Richard Siegler in Co-op/Condo Buyers
In the New York State case Robinson v. Mansfield Gardens Inc., decided in July 2004, plaintiff Ms. Robinson owned three co-op apartments and was seeking restitution, alleging that she paid the co-op $4,000 in improper late charges. The co-op moved for summary judgment dismissing the complaint, claiming that the voluntary payment doctrine bars the action, and also that the action was started against the wrong party. Robinson amended the complaint to name the co-op as the proper party defendant.
Pride and Prejudice
In support of its motion for summary judgment, the co-op submitted an affidavit of Juan Sinnreich, president of the company that serves as managing agent for the co-op, located at 3410-3320 Avenue H in Brooklyn. He stated that Robinson owned three co-op units in the development and that the late charges were properly assessed against her because of her history of paying certain lease charges late. He went on to state that plaintiff never served the co-op with any written notice objecting to the charges and never wrote "under protest" or "without prejudice" on any of the money orders tendered as payment for the charges.
Robinson submitted her own affidavit stating that the payments were not "voluntary," as alleged, and stated that she challenged the charges. But not tell the court when and to whom these so-called challenges were made. She also stated that she paid the charges only because the co-op threatened to evict her and sell her cooperative shares at a non-judicial foreclosure sale. She likewise did not state when and by whom these threats were made.
Finally, Robinson stated that due to provisions in the proprietary leases and the co-op's security interest in her shares, she would not have been able to challenge an eviction proceeding and a forced sale. But, she did not submit copies of the proprietary leases nor did she cite any authority supporting the above claims. Most significantly, said the court, she did not address in her affidavit why the late charges were improper.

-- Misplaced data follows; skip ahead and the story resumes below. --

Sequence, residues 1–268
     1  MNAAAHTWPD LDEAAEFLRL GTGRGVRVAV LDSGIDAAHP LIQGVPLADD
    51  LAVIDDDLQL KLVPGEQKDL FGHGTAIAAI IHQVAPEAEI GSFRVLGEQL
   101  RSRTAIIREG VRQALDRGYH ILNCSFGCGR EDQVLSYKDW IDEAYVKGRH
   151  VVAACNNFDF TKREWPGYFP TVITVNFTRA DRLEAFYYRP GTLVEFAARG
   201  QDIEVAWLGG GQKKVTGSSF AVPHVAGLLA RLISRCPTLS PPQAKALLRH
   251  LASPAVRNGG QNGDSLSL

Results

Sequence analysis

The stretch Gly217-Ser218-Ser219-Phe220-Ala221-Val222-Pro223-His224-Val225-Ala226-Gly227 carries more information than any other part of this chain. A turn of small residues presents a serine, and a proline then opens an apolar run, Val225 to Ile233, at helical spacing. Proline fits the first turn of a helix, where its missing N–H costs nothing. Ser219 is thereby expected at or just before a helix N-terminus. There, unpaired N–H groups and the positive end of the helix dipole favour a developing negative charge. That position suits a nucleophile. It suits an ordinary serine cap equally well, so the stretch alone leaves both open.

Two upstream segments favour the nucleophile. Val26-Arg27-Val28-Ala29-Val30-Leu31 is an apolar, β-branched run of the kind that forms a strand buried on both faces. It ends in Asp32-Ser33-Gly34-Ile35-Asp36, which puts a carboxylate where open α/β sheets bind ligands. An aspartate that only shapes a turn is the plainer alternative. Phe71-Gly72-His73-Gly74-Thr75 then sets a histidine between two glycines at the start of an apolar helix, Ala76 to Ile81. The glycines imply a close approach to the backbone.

What's Up, Doctrine?
The court said that the common-law doctrine of voluntary payment bars recovery of payments voluntarily made with full knowledge of the facts and in the absence of fraud or mistake of a material fact or law. This rule is premised on the common-sense notion that "[w]hen a party intends to resort to litigation in order to resist paying an unjust demand, that party should take its position at the time of the demand, and litigate the issue before, rather than after, payment is made." Thus, when a lessee's payments of disputed charges are made voluntarily, without protest, and neither mistake of fact or fraud was involved, the lessee is not entitled to restitution of those payments.
The co-op established that it was entitled to summary judgment dismissing the complaint by submitting proof that Robinson voluntarily paid the late charges and that neither fraud nor mistake of fact was at issue.
In the court's view, Robinson's assertions that she paid the late charges under duress were unavailing. Duress is established when the party making the claim proves that he or she was forced to act by means of a wrongful threat precluding the exercise of his or her free will. The court noted that the "[t]hreatened exercise of a legal right cannot constitute duress under any circumstances." According to the court, Robinson did not submit any proof demonstrating that the late charges were improper or that Mansfield Gardens acted unlawfully in threatening to evict her and sell her shares if payment were not forthcoming.
Finally, one does not act under duress "where there is available adequate legal remedy to redress the threatened coercion." Robinson's assertion that she had no legal remedy to thwart an eviction or a forced sale of her shares was unconvincing to the court. Certainly, she did not demonstrate that she would have been unable to obtain an injunction enjoining Mansfield Gardens from performing these acts if the late charges were improper, as she alleged. Because Robinson failed to create a triable issue of fact, the complaint was dismissed.
Most co-op shareholders do not pay late fees until there is a resolution of the non-payment issue which invariably gave rise to the late fees. If, however, you decide to pay late fees before there is a resolution of the arrears issue, you should mark the payment "paid under protest." This reservation should preserve your claim to recover such fees when there is a settlement.
Richard Siegler is a partner in the New York City law firm of Stroock & Stroock & Lavan.
Adapted from Habitat November 2004. For the complete article and more, join our Archive >>
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